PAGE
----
Of course, the blue roof doesn’t provide the multi-benefit that green roofs do (such as energy use reduction, habitat, aesthetic, life cycle roof cost), but 2008 modeling conducted by Douglas Beyerlein, PE, Clear Creek Solutions in Mill Creek Washington does show the blue roof slightly outperforming the green roof for stormwater reduction.

-Kim Hawkins





Olympic Sized Green Roof

17 02 2010

Courtesy Vancouver Convention Centre website

The winter Olympics just kicked off with the opening ceremonies from BC Place Stadium in Vancouver. But serving as the International Broadcasting hub for the games is the Vancouver Convention Centre — the world’s first LEED Canada Platinum rated convention building. The 1.2 million SF center boasts a 6-acre green roof, which also now makes it the largest green roof in North America.

The roof is planted with over 400,000 native plants and collects rainwater for irrigation which contributes to the buildings stormwater credits as well. Other interesting sustainable features include marine and shoreline habitat restoration. Fish habitat was actually built into the buildings foundations. The building also uses seawater for heating and cooling and incorporates on-site water treatment.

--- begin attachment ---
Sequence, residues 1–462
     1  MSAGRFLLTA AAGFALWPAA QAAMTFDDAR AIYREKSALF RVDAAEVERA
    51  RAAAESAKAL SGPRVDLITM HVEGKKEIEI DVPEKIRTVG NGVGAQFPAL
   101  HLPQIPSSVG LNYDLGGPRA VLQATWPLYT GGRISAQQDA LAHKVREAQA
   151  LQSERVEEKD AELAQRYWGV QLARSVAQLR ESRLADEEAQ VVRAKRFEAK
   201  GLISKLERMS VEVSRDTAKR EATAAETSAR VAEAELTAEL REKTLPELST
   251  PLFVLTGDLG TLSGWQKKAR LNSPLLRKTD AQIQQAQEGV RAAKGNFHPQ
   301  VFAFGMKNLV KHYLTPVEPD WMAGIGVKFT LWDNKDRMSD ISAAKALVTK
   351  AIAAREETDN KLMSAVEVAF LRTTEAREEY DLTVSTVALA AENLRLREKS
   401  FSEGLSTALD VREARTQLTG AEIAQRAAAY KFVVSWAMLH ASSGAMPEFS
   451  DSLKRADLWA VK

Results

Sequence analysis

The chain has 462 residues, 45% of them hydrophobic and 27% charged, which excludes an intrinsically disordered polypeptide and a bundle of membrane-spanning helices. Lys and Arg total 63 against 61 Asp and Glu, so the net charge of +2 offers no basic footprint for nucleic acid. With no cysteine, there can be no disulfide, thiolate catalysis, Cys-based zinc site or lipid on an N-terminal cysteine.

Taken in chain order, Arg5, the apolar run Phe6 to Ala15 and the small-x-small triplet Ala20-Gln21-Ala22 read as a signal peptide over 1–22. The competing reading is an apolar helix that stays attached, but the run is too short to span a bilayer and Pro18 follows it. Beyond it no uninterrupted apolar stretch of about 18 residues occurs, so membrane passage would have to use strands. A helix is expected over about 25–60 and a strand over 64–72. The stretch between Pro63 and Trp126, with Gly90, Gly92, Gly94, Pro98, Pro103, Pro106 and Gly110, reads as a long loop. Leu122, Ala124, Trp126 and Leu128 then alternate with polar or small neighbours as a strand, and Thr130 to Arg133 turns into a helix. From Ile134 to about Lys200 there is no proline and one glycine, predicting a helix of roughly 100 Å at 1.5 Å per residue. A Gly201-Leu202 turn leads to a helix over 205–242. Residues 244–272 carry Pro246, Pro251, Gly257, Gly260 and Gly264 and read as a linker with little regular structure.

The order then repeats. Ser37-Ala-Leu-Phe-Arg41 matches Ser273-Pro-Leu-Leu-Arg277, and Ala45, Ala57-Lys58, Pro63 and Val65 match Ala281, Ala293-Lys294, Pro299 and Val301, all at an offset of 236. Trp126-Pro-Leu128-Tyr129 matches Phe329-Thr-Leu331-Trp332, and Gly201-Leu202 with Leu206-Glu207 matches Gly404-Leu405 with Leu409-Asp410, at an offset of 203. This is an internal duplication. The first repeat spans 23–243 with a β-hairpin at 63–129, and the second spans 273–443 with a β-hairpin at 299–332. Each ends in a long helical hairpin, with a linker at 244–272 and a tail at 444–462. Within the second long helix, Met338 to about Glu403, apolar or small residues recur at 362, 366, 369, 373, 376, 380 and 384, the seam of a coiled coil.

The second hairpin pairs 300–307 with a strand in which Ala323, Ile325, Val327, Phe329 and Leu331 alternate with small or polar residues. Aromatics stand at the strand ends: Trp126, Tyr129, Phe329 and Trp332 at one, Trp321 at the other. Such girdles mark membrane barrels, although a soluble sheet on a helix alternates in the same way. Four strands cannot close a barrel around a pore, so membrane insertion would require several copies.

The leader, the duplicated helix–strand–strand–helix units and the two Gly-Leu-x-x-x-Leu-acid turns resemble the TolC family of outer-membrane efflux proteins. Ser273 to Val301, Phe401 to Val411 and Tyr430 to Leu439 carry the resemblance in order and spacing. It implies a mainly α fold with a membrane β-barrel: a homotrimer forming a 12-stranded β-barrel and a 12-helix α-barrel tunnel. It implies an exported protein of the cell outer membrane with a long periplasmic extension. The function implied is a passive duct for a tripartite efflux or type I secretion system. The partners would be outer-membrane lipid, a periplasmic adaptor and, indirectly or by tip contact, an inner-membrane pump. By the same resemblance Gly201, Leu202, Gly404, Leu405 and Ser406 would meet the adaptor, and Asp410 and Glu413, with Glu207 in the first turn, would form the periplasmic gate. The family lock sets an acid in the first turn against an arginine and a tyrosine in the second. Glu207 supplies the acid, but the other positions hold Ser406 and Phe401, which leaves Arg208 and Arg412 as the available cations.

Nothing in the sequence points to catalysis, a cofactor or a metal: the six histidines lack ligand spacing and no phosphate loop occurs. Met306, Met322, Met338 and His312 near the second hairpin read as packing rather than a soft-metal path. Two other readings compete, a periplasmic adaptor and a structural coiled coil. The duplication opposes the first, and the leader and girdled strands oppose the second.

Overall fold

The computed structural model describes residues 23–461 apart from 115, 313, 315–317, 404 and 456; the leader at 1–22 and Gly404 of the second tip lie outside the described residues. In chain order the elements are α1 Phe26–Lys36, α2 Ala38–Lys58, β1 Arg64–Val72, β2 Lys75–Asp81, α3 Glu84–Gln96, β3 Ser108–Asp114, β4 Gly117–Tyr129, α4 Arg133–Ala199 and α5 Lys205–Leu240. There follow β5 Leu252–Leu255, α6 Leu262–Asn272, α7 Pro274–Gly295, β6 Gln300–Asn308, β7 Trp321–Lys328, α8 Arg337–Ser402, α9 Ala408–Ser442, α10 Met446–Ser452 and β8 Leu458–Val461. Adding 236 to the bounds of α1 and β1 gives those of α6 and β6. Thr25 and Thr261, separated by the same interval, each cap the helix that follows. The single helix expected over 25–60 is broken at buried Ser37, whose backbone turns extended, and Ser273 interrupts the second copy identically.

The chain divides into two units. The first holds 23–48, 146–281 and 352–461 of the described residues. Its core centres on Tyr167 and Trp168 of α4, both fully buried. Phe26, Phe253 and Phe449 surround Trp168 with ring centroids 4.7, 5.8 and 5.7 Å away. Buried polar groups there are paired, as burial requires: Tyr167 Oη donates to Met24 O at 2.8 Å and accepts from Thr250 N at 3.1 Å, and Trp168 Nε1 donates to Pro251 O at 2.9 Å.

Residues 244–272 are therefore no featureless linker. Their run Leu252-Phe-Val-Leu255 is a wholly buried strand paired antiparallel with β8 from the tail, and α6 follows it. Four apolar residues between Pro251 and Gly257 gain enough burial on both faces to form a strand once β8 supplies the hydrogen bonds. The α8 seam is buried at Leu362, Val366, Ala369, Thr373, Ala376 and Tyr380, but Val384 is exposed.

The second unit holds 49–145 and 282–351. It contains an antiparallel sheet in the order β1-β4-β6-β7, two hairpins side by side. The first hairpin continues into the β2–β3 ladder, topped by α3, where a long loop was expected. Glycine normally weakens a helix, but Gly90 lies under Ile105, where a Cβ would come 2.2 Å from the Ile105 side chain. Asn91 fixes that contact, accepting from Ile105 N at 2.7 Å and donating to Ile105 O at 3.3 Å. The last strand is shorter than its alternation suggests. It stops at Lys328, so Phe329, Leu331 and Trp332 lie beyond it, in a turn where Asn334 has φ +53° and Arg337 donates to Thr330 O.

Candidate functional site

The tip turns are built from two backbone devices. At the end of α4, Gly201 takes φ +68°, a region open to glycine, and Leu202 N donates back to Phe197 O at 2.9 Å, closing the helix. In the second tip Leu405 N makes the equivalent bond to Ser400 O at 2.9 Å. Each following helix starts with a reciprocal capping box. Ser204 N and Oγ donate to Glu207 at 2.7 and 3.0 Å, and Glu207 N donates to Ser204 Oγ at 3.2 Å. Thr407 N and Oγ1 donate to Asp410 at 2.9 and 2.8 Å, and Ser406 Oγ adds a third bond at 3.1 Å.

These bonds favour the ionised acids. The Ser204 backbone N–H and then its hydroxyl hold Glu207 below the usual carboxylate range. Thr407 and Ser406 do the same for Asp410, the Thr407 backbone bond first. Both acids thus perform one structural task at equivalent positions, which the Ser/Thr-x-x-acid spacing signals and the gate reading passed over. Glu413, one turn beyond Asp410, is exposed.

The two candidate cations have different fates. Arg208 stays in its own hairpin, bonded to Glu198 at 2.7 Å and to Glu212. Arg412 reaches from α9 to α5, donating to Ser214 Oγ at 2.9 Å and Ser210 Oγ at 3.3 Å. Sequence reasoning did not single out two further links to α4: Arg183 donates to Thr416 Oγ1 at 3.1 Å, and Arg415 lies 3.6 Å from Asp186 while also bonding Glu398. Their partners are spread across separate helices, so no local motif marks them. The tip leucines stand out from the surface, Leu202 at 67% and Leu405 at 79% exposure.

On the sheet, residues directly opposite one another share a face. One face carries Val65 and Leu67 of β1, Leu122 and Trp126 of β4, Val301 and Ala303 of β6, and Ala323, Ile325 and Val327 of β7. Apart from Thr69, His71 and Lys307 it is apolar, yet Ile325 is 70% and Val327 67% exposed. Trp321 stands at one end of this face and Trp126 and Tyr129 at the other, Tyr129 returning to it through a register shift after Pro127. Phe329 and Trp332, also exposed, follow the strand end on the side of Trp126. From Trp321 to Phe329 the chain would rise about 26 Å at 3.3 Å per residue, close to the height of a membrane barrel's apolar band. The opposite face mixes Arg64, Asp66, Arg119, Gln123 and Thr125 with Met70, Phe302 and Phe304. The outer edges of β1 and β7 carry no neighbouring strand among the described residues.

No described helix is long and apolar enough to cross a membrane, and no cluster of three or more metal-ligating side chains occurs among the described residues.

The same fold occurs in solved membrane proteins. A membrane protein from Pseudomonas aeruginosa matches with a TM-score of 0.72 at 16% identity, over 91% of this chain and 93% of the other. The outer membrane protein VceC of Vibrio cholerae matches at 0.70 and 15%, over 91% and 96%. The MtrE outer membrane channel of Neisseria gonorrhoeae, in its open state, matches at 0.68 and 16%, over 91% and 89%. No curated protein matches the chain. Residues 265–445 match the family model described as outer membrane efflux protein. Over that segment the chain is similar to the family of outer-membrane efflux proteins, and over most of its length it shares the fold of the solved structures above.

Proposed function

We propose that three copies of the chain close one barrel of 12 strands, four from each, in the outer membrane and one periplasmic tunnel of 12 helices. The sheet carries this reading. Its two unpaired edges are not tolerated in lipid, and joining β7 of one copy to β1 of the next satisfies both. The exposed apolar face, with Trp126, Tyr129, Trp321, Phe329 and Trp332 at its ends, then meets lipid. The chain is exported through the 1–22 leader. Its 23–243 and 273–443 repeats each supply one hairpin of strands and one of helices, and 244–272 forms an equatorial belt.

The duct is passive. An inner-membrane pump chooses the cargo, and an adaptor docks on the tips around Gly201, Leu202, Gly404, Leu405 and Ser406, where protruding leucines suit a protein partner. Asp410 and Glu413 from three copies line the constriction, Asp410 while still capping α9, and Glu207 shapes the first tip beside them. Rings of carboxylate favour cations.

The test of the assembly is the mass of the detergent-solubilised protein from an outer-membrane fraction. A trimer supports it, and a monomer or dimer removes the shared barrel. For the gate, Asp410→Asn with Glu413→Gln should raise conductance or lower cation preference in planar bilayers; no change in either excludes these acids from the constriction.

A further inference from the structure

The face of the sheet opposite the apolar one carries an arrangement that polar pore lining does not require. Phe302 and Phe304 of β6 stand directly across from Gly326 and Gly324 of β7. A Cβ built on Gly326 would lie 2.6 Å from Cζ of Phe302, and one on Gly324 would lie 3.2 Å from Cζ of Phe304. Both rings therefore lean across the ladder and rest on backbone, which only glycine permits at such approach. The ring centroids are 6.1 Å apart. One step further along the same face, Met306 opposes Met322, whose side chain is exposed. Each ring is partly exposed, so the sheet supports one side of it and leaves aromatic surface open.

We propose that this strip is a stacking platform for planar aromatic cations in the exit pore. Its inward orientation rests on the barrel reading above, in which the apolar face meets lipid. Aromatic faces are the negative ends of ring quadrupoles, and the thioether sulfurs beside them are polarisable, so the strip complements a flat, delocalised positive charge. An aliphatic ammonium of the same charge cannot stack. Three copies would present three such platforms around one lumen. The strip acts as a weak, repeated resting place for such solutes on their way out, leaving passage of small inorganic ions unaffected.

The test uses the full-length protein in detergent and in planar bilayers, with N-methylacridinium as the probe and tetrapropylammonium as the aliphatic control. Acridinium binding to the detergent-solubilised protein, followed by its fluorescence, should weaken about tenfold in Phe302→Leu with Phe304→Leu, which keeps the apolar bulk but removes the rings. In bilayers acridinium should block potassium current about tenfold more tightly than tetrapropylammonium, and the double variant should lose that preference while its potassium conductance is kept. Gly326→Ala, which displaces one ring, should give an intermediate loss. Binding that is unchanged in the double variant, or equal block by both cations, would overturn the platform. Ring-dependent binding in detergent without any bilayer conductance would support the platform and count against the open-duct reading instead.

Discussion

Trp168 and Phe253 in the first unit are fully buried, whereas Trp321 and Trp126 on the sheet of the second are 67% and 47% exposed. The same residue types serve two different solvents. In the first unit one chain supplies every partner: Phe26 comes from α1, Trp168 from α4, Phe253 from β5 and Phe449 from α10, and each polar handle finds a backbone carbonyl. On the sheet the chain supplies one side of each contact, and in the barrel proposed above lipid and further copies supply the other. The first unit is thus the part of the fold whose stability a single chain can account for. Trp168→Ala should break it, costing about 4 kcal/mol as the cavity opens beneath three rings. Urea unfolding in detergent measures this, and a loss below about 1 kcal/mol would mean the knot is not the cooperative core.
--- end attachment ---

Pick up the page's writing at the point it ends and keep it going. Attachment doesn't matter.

The following video “Vancouver’s 6 Acre Living Green Roof”, posted on You Tube gives a great sense of the scale and context of the green roof. The landscape architect who worked on the project, Bruce Hemstock, discusses the plants used, soil media and the idea behind habitat linking into urban centers that is beginning to be made possible with the inclusion of more green roof in our cities. Interestingly enough he says one of the biggest challenges of the project was initially convincing people that it was the right thing to do.





Interview with Portland BES Part 3 of 3

8 02 2010

Mt. Tabor Middle School Rain Garden
Source: City of Portland, Environmental Services ©2009

The following is the third and final part of an email interview I recently conducted with Emily Hauth, project manager with Portland Bureau of Environmental Services (BES)’s Sustainable Stormwater Management Division. Their agency has been a leader in sustainable stormwater implmentation over the last twenty years.

Green Infrastructure Digest (GrID): When it comes to new construction or public projects, it is much easier to require and/or encourage the use of green infrastructure best management practices. Existing development has proven to be much harder, what strategies has the City used to encourage existing developments to retrofit their properties to include green infrastructure and reduce/cleanse stormwater runoff?